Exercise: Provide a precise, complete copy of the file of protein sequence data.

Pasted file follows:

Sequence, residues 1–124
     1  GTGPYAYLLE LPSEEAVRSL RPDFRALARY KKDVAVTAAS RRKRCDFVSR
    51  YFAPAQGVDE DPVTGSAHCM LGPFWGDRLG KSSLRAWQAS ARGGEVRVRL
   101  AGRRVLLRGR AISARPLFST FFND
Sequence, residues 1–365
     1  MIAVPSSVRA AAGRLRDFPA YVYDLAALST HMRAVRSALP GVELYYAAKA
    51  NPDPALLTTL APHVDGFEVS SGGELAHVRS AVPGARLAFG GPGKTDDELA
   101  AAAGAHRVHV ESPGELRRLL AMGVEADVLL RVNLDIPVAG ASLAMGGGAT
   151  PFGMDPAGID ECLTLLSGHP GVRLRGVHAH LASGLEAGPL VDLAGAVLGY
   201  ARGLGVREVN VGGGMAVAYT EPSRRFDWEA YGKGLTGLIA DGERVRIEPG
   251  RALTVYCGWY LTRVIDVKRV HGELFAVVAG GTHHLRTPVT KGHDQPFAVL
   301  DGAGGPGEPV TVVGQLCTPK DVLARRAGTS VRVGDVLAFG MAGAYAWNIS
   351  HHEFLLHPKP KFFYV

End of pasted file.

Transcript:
Sequence, residues 1–124
     1  GTGPYAYLLE LPSEEAVRSL RPDFRALARY KKDVAVTAAS RRKRCDFVSR
    51  YFAPAQGVDE DPVTGSAHCM LGPFWGDRLG KSSLRAWQAS ARGGEVRVRL
   101  AGRRVLLRGR AISARPLFST FFND
Sequence, residues 1–365
     1  MIAVPSSVRA AAGRLRDFPA YVYDLAALST HMRAVRSALP GVELYYAAKA
    51  NPDPALLTTL APHVDGFEVS SGGELAHVRS AVPGARLAFG GPGKTDDELA
   101  AAAGAHRVHV ESPGELRRLL AMGVEADVLL RVNLDIPVAG ASLAMGGGAT
   151  PFGMDPAGID ECLTLLSGHP GVRLRGVHAH LASGLEAGPL VDLAGAVLGY
   201  ARGLGVREVN VGGGMAVAYT EPSRRFDWEA YGKGLTGLIA DGERVRIEPG
   251  RALTVYCGWY LTRVIDVKRV HGELFAVVAG GTHHLRTPVT KGHDQPFAVL
   301  DGAGGPGEPV TVVGQLCTPK DVLARRAGTS VRVGDVLAFG MAGAYAWNIS
   351  HHEFLLHPKP KFFYV